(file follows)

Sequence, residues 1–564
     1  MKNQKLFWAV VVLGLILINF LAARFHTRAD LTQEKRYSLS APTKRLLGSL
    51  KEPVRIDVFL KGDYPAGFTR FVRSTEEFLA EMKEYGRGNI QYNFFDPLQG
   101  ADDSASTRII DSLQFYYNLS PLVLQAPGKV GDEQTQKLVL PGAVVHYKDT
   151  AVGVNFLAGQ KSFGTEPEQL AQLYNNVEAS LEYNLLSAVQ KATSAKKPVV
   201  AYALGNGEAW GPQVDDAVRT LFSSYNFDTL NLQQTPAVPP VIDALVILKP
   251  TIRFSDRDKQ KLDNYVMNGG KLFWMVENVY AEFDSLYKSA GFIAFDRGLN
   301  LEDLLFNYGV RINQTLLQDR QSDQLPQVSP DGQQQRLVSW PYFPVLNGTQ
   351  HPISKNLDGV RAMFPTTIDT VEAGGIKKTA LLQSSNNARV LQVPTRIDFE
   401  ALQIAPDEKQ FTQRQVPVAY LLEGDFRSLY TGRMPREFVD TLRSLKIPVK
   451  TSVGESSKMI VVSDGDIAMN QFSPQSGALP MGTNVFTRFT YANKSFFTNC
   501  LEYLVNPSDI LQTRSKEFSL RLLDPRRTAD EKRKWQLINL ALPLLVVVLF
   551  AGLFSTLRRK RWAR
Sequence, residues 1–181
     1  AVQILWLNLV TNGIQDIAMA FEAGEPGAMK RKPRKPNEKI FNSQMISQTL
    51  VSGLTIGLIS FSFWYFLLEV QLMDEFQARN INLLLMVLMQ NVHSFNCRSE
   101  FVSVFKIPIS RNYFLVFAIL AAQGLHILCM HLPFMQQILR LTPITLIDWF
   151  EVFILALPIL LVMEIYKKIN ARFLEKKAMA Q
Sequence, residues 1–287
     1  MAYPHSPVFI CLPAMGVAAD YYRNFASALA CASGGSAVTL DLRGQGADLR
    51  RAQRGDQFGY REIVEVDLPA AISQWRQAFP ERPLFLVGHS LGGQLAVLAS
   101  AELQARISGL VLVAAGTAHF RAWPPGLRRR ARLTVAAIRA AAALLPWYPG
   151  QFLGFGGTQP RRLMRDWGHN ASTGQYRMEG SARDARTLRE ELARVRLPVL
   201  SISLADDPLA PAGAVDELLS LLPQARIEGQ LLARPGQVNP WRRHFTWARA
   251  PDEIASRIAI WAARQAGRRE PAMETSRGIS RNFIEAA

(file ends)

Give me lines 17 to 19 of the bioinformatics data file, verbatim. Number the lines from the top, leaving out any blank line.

   101  FVSVFKIPIS RNYFLVFAIL AAQGLHILCM HLPFMQQILR LTPITLIDWF
   151  EVFILALPIL LVMEIYKKIN ARFLEKKAMA Q
Sequence, residues 1–287